Say "death" and the whole room freezes—
even the couches stop moving,
even the lamps.
Like a squirrel suddenly aware it is being looked at.
Say the word continuously,
and things begin to go forward.
Your life takes on
the jerky texture of an old film strip.
Continue saying it,
hold it moment after moment inside the mouth,
it becomes another syllable.
A shopping mall swirls around the corpse of a beetle.
Death is voracious, it swallows all the living.
Life is voracious, it swallows all the dead.
Neither is ever satisfied, neither is ever filled,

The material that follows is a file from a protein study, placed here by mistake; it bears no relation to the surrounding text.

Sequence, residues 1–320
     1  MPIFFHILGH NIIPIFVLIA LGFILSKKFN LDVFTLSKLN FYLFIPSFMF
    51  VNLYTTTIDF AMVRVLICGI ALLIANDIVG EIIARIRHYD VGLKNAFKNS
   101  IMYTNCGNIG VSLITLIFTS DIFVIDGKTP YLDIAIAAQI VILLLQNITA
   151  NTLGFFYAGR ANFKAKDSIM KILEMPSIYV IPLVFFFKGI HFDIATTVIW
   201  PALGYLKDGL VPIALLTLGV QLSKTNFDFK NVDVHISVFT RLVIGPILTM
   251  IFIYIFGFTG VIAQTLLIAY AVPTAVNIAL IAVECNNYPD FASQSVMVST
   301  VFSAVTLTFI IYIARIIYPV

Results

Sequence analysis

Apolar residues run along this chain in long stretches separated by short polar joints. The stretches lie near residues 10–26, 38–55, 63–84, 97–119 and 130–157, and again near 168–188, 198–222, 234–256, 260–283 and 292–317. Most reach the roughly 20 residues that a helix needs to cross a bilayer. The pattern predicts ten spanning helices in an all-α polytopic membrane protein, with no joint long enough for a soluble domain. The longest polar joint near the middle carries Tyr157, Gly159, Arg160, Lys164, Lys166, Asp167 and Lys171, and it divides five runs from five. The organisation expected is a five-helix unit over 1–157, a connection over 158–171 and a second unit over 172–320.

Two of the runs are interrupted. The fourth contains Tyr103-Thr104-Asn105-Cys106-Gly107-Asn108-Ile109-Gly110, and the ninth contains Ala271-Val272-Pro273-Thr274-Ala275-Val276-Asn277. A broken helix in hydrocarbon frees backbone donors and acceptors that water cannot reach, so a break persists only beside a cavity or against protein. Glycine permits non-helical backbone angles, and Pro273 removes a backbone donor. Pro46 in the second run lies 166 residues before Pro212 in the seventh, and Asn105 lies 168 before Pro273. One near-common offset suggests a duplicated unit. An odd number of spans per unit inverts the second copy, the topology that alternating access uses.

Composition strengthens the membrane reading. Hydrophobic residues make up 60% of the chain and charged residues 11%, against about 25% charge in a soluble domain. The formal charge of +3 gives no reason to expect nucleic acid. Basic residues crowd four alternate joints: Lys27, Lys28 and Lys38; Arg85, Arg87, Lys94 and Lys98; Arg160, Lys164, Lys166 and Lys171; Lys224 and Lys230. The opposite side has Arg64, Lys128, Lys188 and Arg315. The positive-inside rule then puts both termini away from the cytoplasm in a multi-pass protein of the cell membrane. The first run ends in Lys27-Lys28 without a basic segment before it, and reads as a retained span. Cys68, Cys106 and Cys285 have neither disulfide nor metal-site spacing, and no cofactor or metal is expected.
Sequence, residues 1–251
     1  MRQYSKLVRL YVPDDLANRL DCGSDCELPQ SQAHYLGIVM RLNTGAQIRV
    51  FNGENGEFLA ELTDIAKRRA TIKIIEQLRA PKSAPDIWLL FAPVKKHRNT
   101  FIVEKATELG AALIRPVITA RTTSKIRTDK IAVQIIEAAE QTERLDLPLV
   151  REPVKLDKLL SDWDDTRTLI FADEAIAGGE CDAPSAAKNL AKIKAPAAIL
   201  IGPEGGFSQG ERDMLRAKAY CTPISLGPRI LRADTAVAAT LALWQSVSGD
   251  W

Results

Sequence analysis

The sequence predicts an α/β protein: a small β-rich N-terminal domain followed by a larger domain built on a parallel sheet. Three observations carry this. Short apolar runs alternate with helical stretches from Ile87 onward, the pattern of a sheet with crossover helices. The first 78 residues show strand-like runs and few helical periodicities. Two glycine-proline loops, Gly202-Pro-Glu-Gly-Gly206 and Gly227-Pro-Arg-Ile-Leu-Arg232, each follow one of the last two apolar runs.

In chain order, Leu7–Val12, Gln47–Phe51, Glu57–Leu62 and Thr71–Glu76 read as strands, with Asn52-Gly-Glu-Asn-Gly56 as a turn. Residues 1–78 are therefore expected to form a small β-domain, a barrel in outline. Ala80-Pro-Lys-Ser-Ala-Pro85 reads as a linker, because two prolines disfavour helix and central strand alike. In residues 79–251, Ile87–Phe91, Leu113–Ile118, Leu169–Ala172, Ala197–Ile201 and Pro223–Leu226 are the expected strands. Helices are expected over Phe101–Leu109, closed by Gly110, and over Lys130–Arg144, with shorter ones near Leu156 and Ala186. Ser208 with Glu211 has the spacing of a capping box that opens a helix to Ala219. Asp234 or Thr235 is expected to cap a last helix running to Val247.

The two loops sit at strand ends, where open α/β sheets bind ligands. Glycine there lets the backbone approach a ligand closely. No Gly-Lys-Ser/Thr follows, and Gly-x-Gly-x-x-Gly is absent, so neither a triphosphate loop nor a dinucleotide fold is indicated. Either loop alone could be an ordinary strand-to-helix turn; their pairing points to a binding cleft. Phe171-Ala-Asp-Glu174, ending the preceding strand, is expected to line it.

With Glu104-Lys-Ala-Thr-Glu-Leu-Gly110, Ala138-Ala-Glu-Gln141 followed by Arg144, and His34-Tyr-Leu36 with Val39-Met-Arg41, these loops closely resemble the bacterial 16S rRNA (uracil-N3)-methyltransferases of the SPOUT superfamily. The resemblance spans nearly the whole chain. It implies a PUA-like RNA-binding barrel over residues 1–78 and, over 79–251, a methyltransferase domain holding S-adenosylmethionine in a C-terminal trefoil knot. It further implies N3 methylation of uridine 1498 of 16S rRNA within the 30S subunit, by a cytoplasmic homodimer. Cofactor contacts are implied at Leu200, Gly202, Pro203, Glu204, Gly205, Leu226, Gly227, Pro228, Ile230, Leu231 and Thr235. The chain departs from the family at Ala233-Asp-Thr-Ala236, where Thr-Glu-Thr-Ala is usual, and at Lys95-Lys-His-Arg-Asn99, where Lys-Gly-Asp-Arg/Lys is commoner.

each swallows and swallows the world.
The grip of life is as strong as the grip of death.
(but the vanished, the vanished beloved, o where?)
The speaker of Jane Hirshfield's "Poem with Two Endings" meditates on the cyclical nature of beginnings and endings while experiencing the finality of loss.
Hirshfield has received countless honors and awards for her many books of poetry. A student of Zen Buddhism, she has translated Japanese poetry and edited the anthology Women in Praise of the Sacred: Three Centuries of Spiritual Poetry by Women."Poem with Two Endings," from Given Sugar, Given Salt © 2001 by Jane Hirshfield, used by permission of the author and HarperCollins Publishers Inc.
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